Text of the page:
Happy and satisfied customers are crucial for a successful business. But do you know if your customers are happy? How can you improve it? The first step is to measure it. This article will introduce you to practical ways of collecting customer feedback and how to turn them into actionable KPIs.
How to measure customer service metrics
Every interaction with a customer is an opportunity to collect information: the more data, the accurate the results. Modern technology lets you be as straightforward or as sophisticated as your business needs, budget, and personal preference dictate. The fastest, no hassle-way is the famous customer satisfaction survey triggered automatically after certain conditions are met: e.g., bi-annual survey or instant feedback after a ticket was closed. On the other end of the spectrum, you can employ social listening to find out what customers are saying about your brand and service online.
Social media is an excellent source to gauge your customer satisfaction levels: from the star rating on your page to your customers’ detailed comments and reviews. However, it is good to keep in mind that dissatisfied customers are more likely to leave a review; the results can be skewed to the negative. Unlike the other sources where the customer gives their opinion in private, these are public. They are a source of data and an opportunity to show that you care about your customers. A negative review is often not as damaging when a reply and an apology, ideally even a solution proposed by a service agent, is following it.
A third, valuable, and often overlooked source: exit surveys – why is a customer canceling their subscription or uninstalling the software? They can highlight potentially critical issues, saving you a lot of headaches and angry customers later on.
Which customer support metrics to track?
Generally speaking, the 3 areas that you want to track with your metrics are:
- Company-Customer Relationship
- Agent performance/ efficiency
- Team performance/ efficiency
The most commonly used metric is the Customer Satisfaction Score – CSAT. It is possible to look at it from different angles, depending on your business goals:
- CSAT over time
- CSAT per channel
- CSAT by customer persona
- CSAT by product/service
And many more. A similar KPI is the Customer Effort Score (CES). Businesses typically use CES instead of CSAT. Some transition to CES after gathering all possible information on CSAT. Whichever you choose, both have the same goal: make the interactions as effortless and painless as possible for the customer.
You can look at the NPS- Net Promoter Score for an even better insight into your relationship with your customer. The idea here is that satisfied customers are your best brand ambassadors. Remember, most consumers prefer to listen to their friends and family when deciding on a brand.
How to improve your customer service metrics
It is important that you can make informed decisions about your business. Tracking metrics alone will not suffice. It is important to put them into context.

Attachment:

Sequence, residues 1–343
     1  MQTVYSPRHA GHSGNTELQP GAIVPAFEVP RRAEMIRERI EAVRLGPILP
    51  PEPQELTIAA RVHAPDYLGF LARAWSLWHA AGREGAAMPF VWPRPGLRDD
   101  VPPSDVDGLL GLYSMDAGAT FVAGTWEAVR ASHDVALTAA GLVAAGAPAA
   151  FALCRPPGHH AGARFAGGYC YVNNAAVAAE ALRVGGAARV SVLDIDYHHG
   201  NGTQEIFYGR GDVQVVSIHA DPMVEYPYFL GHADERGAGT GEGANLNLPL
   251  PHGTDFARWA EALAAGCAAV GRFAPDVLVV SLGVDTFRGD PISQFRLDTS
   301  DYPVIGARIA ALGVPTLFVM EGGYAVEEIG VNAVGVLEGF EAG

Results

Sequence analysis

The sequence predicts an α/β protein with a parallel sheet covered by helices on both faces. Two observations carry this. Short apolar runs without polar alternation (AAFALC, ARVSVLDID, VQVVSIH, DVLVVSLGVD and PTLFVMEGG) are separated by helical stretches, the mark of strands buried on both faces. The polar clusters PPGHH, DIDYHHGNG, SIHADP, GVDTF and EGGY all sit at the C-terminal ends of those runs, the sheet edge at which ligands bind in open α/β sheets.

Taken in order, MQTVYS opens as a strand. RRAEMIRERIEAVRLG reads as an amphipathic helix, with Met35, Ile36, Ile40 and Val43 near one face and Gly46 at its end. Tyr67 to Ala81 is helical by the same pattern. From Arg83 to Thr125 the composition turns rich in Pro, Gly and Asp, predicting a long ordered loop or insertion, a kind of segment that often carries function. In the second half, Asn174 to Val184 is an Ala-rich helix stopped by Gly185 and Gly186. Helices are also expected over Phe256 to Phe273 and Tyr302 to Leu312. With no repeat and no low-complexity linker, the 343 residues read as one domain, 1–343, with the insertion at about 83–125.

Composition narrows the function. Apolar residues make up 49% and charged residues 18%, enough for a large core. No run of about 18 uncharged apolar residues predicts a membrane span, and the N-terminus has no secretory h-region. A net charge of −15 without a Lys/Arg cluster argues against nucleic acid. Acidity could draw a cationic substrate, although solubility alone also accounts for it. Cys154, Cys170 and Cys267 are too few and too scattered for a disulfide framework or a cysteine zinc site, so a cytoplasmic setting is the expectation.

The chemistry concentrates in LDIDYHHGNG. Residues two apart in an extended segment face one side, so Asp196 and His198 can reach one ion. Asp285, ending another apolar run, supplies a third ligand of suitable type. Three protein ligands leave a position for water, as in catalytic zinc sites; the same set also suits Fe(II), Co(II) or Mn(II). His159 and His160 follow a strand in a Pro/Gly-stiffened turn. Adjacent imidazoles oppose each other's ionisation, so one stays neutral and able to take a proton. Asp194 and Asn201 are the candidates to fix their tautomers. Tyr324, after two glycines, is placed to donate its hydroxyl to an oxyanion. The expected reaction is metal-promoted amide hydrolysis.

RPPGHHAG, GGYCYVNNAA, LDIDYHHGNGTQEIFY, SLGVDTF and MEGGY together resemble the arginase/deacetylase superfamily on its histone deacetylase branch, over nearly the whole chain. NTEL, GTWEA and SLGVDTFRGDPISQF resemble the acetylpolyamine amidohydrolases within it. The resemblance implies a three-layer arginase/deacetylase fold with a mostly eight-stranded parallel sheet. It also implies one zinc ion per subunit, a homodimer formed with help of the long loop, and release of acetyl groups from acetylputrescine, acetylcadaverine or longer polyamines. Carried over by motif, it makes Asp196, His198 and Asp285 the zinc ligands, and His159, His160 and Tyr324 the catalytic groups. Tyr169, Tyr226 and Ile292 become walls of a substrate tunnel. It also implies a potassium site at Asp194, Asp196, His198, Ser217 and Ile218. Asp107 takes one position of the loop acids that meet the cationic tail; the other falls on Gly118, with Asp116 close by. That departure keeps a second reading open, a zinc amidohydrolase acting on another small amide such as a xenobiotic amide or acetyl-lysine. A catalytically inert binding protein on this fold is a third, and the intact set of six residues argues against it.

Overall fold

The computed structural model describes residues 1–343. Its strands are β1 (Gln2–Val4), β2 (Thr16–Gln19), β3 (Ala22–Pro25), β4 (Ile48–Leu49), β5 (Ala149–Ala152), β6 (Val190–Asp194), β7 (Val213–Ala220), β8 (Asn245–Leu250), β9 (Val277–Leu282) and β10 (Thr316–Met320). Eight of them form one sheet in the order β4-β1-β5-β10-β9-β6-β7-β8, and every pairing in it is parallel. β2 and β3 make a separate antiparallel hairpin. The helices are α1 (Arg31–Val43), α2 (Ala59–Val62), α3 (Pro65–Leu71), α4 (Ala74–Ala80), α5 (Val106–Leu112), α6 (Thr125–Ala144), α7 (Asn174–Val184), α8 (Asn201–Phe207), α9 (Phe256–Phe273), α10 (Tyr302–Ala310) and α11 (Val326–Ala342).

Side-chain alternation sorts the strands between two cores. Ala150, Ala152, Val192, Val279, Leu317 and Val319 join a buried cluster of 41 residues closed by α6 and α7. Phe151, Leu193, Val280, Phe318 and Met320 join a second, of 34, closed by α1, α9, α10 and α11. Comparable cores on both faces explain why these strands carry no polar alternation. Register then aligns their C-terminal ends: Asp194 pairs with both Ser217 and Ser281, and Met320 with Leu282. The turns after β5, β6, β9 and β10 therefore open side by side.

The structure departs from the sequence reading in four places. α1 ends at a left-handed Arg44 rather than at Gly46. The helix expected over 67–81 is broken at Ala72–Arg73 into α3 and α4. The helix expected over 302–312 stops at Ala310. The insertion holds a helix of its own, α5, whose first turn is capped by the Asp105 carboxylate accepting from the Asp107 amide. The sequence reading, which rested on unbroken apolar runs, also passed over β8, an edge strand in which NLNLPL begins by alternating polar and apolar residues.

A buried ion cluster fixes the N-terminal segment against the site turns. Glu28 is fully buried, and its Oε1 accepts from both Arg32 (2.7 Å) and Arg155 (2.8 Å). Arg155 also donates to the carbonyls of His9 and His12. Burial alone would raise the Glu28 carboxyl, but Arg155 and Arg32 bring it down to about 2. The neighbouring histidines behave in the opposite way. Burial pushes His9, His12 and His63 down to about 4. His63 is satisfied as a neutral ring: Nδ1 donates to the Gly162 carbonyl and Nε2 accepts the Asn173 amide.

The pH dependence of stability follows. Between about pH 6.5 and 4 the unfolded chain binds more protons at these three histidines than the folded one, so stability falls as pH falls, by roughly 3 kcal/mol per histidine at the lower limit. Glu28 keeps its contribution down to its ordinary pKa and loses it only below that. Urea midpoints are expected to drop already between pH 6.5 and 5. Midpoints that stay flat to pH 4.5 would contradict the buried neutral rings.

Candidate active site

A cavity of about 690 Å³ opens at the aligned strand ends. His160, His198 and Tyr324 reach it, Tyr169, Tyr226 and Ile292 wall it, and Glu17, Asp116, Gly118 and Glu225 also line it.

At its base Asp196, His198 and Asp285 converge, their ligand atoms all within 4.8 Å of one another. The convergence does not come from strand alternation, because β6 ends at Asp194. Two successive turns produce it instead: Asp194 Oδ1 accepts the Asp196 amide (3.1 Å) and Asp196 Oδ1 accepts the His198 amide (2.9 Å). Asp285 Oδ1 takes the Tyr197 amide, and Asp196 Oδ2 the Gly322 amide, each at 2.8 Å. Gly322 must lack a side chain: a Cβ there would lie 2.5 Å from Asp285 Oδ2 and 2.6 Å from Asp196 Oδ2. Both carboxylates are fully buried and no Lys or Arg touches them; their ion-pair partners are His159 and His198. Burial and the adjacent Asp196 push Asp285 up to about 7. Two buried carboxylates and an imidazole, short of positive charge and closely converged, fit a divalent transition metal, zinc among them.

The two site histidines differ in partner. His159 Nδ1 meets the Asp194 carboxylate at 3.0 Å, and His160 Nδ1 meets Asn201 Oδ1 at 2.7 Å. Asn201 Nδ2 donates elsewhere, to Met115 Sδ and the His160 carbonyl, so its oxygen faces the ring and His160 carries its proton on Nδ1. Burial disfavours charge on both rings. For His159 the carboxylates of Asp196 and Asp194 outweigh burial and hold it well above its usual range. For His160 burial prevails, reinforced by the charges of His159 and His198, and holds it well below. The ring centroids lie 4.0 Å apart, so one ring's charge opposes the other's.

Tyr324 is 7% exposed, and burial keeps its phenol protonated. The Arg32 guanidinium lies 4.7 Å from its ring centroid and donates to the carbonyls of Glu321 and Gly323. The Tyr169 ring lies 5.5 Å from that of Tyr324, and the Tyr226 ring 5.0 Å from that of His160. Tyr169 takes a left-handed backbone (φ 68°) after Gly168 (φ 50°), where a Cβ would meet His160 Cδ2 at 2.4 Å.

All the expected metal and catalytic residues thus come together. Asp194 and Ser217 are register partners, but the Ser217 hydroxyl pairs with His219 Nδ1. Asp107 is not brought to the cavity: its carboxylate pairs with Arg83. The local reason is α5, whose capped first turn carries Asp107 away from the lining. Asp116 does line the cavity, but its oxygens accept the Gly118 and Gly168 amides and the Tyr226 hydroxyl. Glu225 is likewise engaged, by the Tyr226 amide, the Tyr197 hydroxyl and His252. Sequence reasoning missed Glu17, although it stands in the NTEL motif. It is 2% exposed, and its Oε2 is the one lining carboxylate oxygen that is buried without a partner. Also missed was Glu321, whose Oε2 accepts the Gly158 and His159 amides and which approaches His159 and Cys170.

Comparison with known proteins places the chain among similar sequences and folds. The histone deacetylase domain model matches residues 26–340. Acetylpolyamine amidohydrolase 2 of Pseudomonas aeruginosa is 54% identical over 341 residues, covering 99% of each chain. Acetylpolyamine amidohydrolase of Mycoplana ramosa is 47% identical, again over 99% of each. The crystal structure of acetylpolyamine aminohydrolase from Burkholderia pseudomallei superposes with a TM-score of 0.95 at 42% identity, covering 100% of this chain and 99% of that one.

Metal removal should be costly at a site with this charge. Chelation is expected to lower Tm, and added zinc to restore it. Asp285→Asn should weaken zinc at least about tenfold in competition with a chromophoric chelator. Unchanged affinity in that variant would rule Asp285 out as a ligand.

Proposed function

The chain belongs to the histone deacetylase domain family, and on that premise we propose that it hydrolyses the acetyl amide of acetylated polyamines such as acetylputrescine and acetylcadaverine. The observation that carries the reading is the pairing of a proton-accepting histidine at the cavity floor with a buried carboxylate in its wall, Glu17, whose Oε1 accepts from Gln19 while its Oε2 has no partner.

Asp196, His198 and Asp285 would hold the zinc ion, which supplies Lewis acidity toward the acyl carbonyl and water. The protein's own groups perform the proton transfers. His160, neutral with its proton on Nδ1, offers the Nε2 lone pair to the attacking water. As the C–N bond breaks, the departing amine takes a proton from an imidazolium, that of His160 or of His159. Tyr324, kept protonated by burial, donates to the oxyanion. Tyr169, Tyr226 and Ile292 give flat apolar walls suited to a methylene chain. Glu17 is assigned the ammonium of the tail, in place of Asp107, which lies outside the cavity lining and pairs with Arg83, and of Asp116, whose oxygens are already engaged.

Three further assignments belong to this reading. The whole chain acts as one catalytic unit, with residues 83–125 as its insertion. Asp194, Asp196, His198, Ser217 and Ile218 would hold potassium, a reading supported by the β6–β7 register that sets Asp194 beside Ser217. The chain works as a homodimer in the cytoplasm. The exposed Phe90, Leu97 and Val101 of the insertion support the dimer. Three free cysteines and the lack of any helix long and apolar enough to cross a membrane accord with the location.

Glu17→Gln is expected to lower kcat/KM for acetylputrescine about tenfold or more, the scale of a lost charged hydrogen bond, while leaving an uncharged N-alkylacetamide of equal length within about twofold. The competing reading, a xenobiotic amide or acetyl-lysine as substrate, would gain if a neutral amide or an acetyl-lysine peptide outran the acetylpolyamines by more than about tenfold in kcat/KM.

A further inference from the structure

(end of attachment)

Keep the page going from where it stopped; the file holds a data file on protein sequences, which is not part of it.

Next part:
- Always measure the qualitative and quantitative aspects of your service delivery. Your goal should always be to improve your relationship with your customer.
- Measure the effort a customer has to undergo to contact the support team. Set up baselines for your team and ticket queue, e.g. average waiting time or ticket backlog. Utilize self-service options and enable your customer to help themselves. Track these interactions to improve your knowledge base. Self-service is a growing trend, with more and more customers preferring this option for problem resolution.
- Set up operational baselines and survey customers about their overall experience. This will let you set realistic performance goals for your team. For example: does your team need to improve resolution time, response time, or another crucial aspect of your customer success.
- Make sure that all your channels are performing equally. The customer satisfaction survey might be giving you a bird’s eye, but zooming in on individual channels will reveal bottlenecks. Performance across channels can vary widely. Different customer personas will have different preferences to contact the support agent. By providing consistent quality standards, you will avoid alienating them. Use this to find out what is working and what is just a drain on your resources – quality over quantity.
- Don’t neglect the metrics that look good, either. Automation and macros can inadvertently cover-up core issues causing easy-to-solve problems. Self-service will let the customer solve the issue quickly and efficiently, and they will leave positive feedback. Address recurring issues at the root to avoid more problems down the road. Resolving small issues will have an incremental impact on your relationship. Leaving larger ones unresolved can do much harm. You cannot tell how effective your team is at resolving issues, big or small, if you don’t measure them. Tag your tickets by issue category, and you will have a window into your agent’s issue resolution performance.
Building a relationship with your customers, and providing a service worthy of their loyalty is not easy. Even if your CSAT score is low, knowing where the issues are is the first, crucial step to improvement. Else you will fly blind, and that is guaranteed to fail.
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Net Promoter and NPS are registered U.S. trademarks, and Net Promoter Score and Net Promoter System are service marks, of Bain & Company, Inc., Satmetrix Systems, Inc. and Fred Reichheld.